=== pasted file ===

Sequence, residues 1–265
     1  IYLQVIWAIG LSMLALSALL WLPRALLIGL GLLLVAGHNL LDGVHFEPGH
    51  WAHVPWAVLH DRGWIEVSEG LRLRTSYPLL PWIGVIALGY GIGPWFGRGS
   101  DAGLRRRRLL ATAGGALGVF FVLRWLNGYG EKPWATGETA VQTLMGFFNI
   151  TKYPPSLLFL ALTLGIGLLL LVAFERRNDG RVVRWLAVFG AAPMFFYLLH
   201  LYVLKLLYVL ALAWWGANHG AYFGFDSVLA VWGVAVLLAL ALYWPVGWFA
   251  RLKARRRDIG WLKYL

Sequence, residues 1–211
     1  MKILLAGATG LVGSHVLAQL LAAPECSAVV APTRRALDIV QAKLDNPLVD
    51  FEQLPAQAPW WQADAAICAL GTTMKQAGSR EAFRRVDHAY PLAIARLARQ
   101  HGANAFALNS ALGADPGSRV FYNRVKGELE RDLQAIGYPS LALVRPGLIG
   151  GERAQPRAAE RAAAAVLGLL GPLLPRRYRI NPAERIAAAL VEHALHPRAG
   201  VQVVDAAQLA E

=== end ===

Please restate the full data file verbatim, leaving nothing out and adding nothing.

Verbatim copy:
Sequence, residues 1–265
     1  IYLQVIWAIG LSMLALSALL WLPRALLIGL GLLLVAGHNL LDGVHFEPGH
    51  WAHVPWAVLH DRGWIEVSEG LRLRTSYPLL PWIGVIALGY GIGPWFGRGS
   101  DAGLRRRRLL ATAGGALGVF FVLRWLNGYG EKPWATGETA VQTLMGFFNI
   151  TKYPPSLLFL ALTLGIGLLL LVAFERRNDG RVVRWLAVFG AAPMFFYLLH
   201  LYVLKLLYVL ALAWWGANHG AYFGFDSVLA VWGVAVLLAL ALYWPVGWFA
   251  RLKARRRDIG WLKYL

Sequence, residues 1–211
     1  MKILLAGATG LVGSHVLAQL LAAPECSAVV APTRRALDIV QAKLDNPLVD
    51  FEQLPAQAPW WQADAAICAL GTTMKQAGSR EAFRRVDHAY PLAIARLARQ
   101  HGANAFALNS ALGADPGSRV FYNRVKGELE RDLQAIGYPS LALVRPGLIG
   151  GERAQPRAAE RAAAAVLGLL GPLLPRRYRI NPAERIAAAL VEHALHPRAG
   201  VQVVDAAQLA E